But NOW?? Now, thanks to all the forensics shows, the special effects shows, Martha Stewart and Steven Spielberg, Hallowe'en has gone berserk. If my kids were little there is no way I would take them out to see the decorating gone amuck show that has in recent years become the norm.They would have nightmares for weeks! I would have nightmares for weeks! So I ask, do you really need the blood, the guts, the gore??

 You do? Hmmm...guess it's tricks for you then. Wonder where Freddy and Jason are?

(Ed.Note  -these pictures were taken yesterday in Lindsay Ontario which is having a Haunt Your House contest. Winner will receive $10,000 - half of which will go to the Boys and Girls Club. Gore With Heart.  It's a good start!)


Caution. Birder in Front of You.

The Northern Harrier is one of my favourite hawks - not the least because it's so easy to identify with its white bum patch. This afternoon while I was on my way to a friend's place, this handsome fellow flew right in front of the car, and over into the field beside me. I grabbed the camera, pulled the car over to the edge of the road, got the window down, the camera turned on, and stalled the car...all in about 20 seconds. This reinforced two thoughts I've had on previous occasions:
1) I need a bumper sticker that says "Pay Attention!Birder on Board. Watch for sudden swerves and stops."
2) Maybe I shouldn't have bought a car with a manual transmission.

Now, this hawk, a gorgeous Red Tailed Hawk, swooped in front of me yesterday, while we were driving to the garbage dump (a Saturday thing to do in the country). Luckily, in this case, John was driving, so he didn't  have to try to multi-task. He just pulled over, and I got the camera out. Still, the hawk was faster than me and by the time I was ready to shoot, he was pretty far away. Oh well, at least the truck didn't stall.


My View

It's Skywatch Friday, and  our sky  -just outside the window -has been absolutely incredible in the past 24 hours....
I glanced out, and this little rainbow caught my eye. It must be raining in Westmeath.

Ten minutes later, the cloud lifted. Literally.

Early the next morning, the show was still on...and the sky was ablaze.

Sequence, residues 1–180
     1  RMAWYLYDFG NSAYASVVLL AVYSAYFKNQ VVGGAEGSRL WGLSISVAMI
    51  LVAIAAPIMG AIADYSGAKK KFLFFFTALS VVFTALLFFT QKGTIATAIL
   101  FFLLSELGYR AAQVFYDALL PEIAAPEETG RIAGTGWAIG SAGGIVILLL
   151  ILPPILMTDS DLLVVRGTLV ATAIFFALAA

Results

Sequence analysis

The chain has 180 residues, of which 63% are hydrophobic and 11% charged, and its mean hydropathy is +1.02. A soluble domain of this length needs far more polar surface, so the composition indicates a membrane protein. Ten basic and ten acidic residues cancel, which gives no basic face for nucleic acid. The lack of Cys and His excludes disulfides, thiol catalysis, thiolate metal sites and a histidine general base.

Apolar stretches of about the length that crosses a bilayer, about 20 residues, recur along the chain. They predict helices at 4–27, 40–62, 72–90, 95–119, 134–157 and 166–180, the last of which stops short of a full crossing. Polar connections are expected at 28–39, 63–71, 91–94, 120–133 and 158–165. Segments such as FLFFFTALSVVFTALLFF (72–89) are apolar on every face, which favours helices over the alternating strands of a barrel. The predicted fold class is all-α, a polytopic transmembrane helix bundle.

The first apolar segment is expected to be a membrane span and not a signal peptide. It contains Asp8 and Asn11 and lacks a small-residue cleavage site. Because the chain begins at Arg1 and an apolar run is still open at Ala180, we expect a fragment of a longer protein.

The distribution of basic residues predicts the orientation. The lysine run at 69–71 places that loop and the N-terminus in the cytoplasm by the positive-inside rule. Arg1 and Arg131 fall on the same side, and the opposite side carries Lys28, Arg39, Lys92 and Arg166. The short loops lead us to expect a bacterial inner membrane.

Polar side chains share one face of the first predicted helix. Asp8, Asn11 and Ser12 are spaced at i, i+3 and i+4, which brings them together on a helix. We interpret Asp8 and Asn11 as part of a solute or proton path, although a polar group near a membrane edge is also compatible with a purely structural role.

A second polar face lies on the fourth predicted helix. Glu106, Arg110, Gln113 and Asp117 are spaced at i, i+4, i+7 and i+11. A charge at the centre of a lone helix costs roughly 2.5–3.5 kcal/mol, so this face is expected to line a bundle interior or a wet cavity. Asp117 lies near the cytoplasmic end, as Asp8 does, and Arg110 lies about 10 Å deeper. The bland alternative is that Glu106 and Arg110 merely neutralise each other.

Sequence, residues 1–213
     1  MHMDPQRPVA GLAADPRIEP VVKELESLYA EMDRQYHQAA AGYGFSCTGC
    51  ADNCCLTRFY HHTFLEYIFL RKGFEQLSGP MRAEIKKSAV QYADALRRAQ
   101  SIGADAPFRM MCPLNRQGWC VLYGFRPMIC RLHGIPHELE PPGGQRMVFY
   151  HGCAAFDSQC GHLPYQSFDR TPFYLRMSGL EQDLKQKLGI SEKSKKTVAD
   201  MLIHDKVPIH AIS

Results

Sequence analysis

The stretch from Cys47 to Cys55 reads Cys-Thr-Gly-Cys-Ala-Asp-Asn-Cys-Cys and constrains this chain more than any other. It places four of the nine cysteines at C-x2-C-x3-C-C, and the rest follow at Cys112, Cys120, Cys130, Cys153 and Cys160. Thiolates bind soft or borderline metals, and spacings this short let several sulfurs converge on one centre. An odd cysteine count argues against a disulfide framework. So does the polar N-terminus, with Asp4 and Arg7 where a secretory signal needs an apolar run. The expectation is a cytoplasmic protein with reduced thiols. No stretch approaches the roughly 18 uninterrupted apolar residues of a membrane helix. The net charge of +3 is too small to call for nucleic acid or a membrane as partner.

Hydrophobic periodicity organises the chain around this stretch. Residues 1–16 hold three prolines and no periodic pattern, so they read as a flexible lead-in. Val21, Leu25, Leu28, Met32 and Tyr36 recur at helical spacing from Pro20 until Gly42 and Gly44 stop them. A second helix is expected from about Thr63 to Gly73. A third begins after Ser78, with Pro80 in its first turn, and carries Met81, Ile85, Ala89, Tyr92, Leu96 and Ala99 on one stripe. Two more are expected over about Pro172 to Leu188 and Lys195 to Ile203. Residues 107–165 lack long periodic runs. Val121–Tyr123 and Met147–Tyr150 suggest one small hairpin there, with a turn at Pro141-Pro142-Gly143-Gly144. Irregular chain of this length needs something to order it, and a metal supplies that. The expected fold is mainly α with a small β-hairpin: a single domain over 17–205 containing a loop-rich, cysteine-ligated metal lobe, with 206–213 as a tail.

Imagine having a wall this colour.  I did.

visit Skywatch Friday for views from all over the world

The Auction

"Gimme $20 now, who'll gimme $5 more? Lookit $25 now, c'mon, gimme $5 more!"

The song of the auctioneer was loud and clear last Saturday as he cranked up the volume and frenzy to get the buying mojo going. I love auctions, especially if they're held in the meeting hall at the village fairgrounds, which this one was. Oddly enough, it wasn't all that well attended, perhaps because it was a gorgeous, sunny fall day, and the long Canadian Thanksgving weekend was in full swing. Families and friends together to celebrate the harvest with every root vegetable known to man, roasted turkey and pumpkin pie.
But I digress.
Back to the auction, which was a combination of three different family estates. Lots and lots of old, rusty, battered tools; sheets that might serve as rags; plain old trash, and here and there, a treasure or two!

Like this Massey Ferguson tractor. The auctioneer brought the crowd outside to take a look at this "dandy, handy thing" and he immediately got the ball rolling.  "All right folks, $1500 bucks...let's get'er started." he said. Silence, finally broken by the old gent standing next to me who called out "$1300." That to me is a lot of money in these trying times, especially for an old tractor. But, the auctioneer didn't think so. He merely looked at him, and said to the crowd in general, "Folks, this here is a damn fine tractor, and if you want to get serious and make me a good offer - over $1500 - then talk to me inside." And off he went! Back to schlep  all the other schlock. Old gent with the pretty good offer turned to the drifting crowd and said to no one in particular, "Ah, that's just foreplay!"

I love auctions!

My daughter and I were actually there by accident - having shown up a week early for  another event to be held in the hall. But, women with wallets, and lots of stuff to wheel and deal over, what more can I say? Four (!) hours later, we were the extremely  happy owners of an art deco maple veneer breakfast hutch; two bedside tables, handmade with square head nails;  two charming antique chairs with star stamped seats; one lovely bevelled glass mirror; a hand made fruit box with lid; an original soapstone carving featuring two owls in flight;a Henry Dreyfuss chrome biscuit clock  in excellent condition and still ticking; a green glass Eagle Decanter complete with six shot glasses; a Mad Men era martini shaker with stirling silver top; two metal peacocks; and orginal RM Wells oil painting -a beautiful seascape in an ornate plaster frame.